|Text:||When Darkness Long Has Veiled My Mind|
|Composer:||John Bacchus Dykes|
1 When darkness long has veiled my mind,
And smiling day once more appears;
Then, my Redeemer, then I find
The folly of my doubts and fears.
2 Strait I upbraid my wandering heart,
And blush that I should ever be
Thus prone to act so base a part,
Or harbor one hard thought of Thee!
3 Oh! let me then at length be taught
What I am still so slow to learn;
That God is love, and changes not,
Nor knows the shadow of a turn.
4 Sweet truth, and easy to repeat!
But when my faith is sharply tried
I find myself a learner yet,
Unskillful, weak, and apt to slide.
5 But, O my Lord, one look from Thee
Subdues the disobedient will;
Drives doubt and discontent away,
And Thy rebellious worm is still.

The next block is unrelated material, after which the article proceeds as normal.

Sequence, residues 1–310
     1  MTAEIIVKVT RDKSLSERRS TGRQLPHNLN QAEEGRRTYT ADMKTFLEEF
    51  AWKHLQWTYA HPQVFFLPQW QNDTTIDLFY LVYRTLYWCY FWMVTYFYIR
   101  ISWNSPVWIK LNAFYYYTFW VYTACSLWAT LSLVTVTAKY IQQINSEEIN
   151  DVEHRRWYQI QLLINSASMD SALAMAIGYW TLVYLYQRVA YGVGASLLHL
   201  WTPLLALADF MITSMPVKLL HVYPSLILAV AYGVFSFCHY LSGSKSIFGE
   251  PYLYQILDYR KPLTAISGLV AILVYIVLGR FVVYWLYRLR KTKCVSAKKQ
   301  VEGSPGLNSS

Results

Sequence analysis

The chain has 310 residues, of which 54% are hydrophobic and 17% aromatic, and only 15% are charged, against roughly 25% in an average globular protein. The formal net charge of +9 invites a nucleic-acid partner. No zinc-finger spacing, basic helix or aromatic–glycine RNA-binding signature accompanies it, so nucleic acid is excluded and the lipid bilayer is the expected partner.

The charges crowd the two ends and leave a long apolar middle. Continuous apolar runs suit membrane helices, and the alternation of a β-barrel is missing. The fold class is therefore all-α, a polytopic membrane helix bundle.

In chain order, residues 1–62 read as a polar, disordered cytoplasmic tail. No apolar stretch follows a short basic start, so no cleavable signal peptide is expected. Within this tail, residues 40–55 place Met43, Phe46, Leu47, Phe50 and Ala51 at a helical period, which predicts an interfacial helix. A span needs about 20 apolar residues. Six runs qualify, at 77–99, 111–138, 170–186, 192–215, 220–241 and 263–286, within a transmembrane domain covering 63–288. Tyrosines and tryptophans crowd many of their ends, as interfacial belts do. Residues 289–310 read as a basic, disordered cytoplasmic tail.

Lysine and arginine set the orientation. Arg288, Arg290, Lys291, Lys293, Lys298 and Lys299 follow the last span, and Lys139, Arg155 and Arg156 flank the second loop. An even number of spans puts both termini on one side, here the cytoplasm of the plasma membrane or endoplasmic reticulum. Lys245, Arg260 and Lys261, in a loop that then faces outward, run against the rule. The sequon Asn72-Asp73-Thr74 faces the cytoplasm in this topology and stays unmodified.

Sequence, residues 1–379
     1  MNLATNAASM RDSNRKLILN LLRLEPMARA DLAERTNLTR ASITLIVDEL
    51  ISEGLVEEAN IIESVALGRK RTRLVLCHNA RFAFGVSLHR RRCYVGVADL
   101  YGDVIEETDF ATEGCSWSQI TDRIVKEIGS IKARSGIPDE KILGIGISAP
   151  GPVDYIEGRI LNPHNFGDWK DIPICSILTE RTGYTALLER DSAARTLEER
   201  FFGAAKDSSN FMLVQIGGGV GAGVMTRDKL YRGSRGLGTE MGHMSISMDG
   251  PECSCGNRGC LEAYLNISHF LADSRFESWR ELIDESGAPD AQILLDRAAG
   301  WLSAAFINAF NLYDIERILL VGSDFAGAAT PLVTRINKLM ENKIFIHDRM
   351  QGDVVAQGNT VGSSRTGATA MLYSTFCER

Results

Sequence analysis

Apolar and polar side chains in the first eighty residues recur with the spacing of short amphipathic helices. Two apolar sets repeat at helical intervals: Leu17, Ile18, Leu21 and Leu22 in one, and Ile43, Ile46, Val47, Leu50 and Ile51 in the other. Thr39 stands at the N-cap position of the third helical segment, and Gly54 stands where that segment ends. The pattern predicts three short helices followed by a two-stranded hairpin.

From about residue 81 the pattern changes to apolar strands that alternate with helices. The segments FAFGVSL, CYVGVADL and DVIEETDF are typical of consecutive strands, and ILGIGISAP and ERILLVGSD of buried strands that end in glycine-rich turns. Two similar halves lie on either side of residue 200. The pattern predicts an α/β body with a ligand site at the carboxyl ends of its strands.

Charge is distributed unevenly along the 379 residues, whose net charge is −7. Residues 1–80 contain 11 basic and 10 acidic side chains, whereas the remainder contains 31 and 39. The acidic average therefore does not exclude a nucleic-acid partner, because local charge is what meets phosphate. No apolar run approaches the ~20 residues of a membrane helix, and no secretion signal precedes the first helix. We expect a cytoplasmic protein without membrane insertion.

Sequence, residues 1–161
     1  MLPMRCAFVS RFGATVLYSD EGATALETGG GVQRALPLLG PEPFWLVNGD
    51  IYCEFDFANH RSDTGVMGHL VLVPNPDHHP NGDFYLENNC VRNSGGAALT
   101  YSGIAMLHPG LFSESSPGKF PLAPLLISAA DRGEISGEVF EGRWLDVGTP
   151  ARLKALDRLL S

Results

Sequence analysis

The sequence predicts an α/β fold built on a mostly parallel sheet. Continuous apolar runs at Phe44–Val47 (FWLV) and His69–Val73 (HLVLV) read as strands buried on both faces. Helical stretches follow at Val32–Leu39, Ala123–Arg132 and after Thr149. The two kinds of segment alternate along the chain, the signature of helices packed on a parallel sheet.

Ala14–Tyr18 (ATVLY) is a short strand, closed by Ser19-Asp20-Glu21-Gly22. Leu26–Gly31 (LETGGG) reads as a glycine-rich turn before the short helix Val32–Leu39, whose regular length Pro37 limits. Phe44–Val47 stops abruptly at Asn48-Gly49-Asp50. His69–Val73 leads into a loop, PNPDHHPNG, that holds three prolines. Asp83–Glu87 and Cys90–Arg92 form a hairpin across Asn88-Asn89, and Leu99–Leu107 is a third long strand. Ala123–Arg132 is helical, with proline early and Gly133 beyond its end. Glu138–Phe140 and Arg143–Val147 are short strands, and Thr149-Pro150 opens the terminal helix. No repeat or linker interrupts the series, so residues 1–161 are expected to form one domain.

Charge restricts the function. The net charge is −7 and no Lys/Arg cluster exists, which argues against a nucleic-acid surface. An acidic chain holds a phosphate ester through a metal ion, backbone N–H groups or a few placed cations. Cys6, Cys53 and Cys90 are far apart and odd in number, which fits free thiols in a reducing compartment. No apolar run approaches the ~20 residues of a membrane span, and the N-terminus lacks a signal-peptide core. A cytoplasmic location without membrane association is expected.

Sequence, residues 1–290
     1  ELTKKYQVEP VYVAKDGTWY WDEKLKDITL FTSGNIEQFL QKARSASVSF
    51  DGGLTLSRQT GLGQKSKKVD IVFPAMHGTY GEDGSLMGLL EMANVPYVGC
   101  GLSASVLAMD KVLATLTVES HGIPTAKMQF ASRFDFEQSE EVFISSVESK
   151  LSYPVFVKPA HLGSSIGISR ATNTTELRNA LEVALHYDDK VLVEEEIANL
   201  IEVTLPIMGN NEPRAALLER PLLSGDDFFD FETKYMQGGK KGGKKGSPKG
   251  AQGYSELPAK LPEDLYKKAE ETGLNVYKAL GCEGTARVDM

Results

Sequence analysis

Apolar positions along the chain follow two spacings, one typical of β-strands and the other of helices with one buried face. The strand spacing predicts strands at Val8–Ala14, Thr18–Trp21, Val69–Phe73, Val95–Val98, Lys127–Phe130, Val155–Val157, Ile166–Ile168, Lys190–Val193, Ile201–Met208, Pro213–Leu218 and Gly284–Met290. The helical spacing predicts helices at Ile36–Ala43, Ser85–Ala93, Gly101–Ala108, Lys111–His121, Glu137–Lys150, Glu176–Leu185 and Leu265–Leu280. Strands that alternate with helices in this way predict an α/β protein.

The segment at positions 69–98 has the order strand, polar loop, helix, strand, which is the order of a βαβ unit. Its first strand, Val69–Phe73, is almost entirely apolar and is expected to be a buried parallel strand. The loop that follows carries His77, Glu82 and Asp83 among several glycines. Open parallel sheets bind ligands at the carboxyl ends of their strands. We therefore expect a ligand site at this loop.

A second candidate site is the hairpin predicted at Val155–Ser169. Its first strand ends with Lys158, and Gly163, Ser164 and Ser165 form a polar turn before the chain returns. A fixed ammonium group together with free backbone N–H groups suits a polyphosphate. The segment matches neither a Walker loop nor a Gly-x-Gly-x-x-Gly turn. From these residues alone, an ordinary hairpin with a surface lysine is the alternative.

6 Thou art as ready to forgive,
As I am ready to repine;
Thou, therefore all the praise receive,
Be shame and self-abhorrence mine.
|First Line:||When darkness long has veiled my mind|
|Title:||When Darkness Long Has Veiled My Mind|
|Source:||Olney Hymns (London, W. Oliver, 1779), Book 3|
|Notes:||Alternate tunes: FOREST by Amzi Chapin, 1823; IOSCO from an old German chorale; LUTHER'S CHANT by Heinrich C. Zeuner; MISSIONARY CHANT by Heinrich C. Zeuner; THERON by Luther O. Emerson; ZEPHYR by William B. Bradbury|
|Composer:||John Bacchus Dykes (1866)|
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|Noteworthy Composer score:||Noteworthy Composer Score|